To do this, I used a plumb bob and hung it from both sides and both ends of the top plate. This showed me the four corners of where my base plate should be. As I was putting the base plate down, I constantly double checked that it was following the top plate, by rechecking with the plumb bob.

Go ahead and cut your base plate to length, just as you did the top plate, but if you’re add it to a concrete floor, you NEED TO USE PRESSURE TREATED LUMBER for it. Even inside, a concrete floor still transfers a certain amount of moisture and temperature difference that a wooden floor wouldn’t. Plus, if your room ever floods for some reason, you won’t have to worry about it rotting as easily.

Since my room is a converted garage, the floor is a concrete slab. Adding the baseplate to a wooden floor would be even easier, although this process isn’t very hard. Either way, you need to make sure that the baseplate is SECURELY fastened down. With concrete, you’ll most likely need to use some sort of concrete anchor. I decided to use a “nail drive anchor” which is a little simpler than some other options.

The anchor is a shaft, with a nail already set inside it (but not pushed down).

Before you start drilling holes and adding anchors, you need to measure out where the studs will sit on the base plate. This is to avoid putting an anchor down where a stud needs to go. The anchors that I used have a rounded head which would get in the way of the stud. Studs are traditionally place every 16″ on center (meaning that the middle of the stud is 16″ from the middle of the previous stud. To simplify the marking and nailing of my studs, I cut a piece of 2×4 to 14.5″  to act as a spacer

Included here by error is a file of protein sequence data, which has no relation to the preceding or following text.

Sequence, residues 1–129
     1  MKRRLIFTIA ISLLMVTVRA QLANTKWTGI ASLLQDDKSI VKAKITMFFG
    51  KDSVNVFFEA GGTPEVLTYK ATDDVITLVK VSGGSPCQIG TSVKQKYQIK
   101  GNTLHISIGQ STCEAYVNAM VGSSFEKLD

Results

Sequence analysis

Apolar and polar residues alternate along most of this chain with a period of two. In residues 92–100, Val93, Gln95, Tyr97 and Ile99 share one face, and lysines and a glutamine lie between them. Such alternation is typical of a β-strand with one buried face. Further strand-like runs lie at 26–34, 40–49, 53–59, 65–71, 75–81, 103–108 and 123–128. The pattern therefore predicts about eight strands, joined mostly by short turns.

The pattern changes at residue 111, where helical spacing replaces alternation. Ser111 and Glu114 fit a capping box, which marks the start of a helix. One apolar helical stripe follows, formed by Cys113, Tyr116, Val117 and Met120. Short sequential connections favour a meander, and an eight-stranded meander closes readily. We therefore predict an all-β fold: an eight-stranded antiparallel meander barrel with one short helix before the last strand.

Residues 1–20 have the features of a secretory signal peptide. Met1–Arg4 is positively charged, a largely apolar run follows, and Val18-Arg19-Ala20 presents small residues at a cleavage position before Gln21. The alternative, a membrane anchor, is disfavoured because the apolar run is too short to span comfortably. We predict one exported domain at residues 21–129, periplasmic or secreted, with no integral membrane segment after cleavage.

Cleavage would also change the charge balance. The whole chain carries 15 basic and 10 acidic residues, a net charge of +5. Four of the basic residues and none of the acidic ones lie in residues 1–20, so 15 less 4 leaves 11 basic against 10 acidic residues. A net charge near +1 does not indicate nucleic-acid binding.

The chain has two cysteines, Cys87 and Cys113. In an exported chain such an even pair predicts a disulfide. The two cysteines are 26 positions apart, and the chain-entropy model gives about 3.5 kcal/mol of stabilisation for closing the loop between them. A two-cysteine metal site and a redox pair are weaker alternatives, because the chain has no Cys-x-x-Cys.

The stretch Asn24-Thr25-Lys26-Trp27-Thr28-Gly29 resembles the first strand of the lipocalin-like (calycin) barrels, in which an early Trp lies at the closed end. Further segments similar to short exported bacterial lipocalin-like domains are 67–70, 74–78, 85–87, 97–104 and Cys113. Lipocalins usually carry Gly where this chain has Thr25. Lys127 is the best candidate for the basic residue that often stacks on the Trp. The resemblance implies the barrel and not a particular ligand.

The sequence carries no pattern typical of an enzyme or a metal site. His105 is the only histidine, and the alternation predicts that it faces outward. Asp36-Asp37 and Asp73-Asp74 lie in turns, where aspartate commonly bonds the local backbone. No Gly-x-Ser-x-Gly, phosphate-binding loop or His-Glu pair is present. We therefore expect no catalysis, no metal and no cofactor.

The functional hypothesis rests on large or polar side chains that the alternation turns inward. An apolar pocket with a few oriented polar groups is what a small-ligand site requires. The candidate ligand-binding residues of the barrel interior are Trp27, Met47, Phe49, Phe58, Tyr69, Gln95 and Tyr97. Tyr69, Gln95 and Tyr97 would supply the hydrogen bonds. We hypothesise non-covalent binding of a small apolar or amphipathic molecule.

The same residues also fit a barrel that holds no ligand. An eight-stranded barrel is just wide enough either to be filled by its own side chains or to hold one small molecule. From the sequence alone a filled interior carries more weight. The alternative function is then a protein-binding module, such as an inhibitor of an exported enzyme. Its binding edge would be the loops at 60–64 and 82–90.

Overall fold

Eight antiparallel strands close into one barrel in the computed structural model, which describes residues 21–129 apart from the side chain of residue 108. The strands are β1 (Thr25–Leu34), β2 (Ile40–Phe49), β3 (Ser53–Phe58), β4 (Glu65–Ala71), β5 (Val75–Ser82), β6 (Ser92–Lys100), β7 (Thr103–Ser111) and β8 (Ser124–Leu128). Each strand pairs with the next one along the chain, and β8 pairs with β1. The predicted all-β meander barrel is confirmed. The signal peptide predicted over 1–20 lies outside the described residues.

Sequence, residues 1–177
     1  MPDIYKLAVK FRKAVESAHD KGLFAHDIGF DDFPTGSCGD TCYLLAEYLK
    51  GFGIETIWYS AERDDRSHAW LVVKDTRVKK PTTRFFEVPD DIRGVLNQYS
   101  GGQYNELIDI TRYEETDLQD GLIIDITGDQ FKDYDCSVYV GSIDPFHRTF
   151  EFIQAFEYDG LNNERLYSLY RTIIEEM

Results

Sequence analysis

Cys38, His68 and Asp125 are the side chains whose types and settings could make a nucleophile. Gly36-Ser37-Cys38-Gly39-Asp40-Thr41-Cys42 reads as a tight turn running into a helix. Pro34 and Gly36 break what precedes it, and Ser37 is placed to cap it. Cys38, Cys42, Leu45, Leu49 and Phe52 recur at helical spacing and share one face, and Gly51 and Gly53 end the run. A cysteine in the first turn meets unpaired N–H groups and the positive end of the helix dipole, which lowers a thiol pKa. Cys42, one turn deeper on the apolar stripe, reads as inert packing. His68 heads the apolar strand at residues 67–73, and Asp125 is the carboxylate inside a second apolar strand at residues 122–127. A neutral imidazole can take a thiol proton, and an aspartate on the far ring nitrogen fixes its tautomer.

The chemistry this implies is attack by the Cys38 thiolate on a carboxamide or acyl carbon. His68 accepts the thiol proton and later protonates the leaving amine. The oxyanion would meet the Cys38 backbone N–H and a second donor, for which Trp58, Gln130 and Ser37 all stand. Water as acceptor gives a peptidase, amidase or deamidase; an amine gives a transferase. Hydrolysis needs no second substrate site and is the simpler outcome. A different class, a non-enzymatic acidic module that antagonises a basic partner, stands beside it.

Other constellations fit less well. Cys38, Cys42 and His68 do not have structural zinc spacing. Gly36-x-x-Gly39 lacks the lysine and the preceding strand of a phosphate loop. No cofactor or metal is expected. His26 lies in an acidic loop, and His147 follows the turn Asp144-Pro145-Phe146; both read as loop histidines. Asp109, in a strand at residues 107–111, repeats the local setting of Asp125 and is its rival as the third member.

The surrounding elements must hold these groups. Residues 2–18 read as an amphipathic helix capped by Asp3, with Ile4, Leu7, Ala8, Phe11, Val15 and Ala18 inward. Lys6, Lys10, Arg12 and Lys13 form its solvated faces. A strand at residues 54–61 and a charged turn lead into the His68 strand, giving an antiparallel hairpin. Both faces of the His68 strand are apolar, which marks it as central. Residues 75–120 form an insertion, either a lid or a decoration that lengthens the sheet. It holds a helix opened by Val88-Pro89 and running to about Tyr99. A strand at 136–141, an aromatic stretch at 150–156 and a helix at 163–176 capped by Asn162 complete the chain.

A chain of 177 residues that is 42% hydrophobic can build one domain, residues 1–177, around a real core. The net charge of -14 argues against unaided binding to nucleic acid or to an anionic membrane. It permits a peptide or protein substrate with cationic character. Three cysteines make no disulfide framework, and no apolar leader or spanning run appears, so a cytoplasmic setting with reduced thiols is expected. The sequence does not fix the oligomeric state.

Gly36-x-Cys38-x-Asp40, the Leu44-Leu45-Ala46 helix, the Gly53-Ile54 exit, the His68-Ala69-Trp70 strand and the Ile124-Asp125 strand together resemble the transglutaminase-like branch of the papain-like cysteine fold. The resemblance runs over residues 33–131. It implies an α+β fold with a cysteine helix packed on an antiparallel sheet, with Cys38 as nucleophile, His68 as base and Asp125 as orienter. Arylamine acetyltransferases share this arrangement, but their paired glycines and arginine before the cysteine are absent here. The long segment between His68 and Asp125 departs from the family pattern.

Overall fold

A 2×4 is actually 1.5″ thick. So, from the center of a stud it would be  .75 “(outside half of that stud) + 14.5″ (spacer) + .75″ (outside half of next stud) = 16” on center.

Using the spacer and some short scraps of 2×4 as mock studs, mark the placement of all studs on the base plate.

Once that’s done, pre drill the holes in the base plate, set the base plate in place and transfer those marks to the concrete below (or drill them both at the same time). The anchors should be tight enough that they’ll need to be knocked down into the holes, but you can’t just hammer them from the top (the nail should be protruding still). I found the I could sit my small pry bar on the side/top of the anchor and gently hammer on the pry bar. This was enough force to knock the anchor down into place. Once the head of the anchor meets the base plate, just drive in the nail.

I would suggest rechecking the square (relative to the top plate) before and after each anchor is added, just in case you need to make adjustments along the way. Just note that the more anchors are in place (you don’t need many), the harder it will be to adjust/redo.

Adding the studs

The hard part is finished!! Cut your studs to length, making sure that they fit very snuggly between the top and base plates when they’re perfectly upright. If the stud needs a little knocking in place with a hammer, that’s perfect.  This is important in case there is any load that the wall needs to carry, it will be transferred evenly to all of the studs, and not to just certain ones.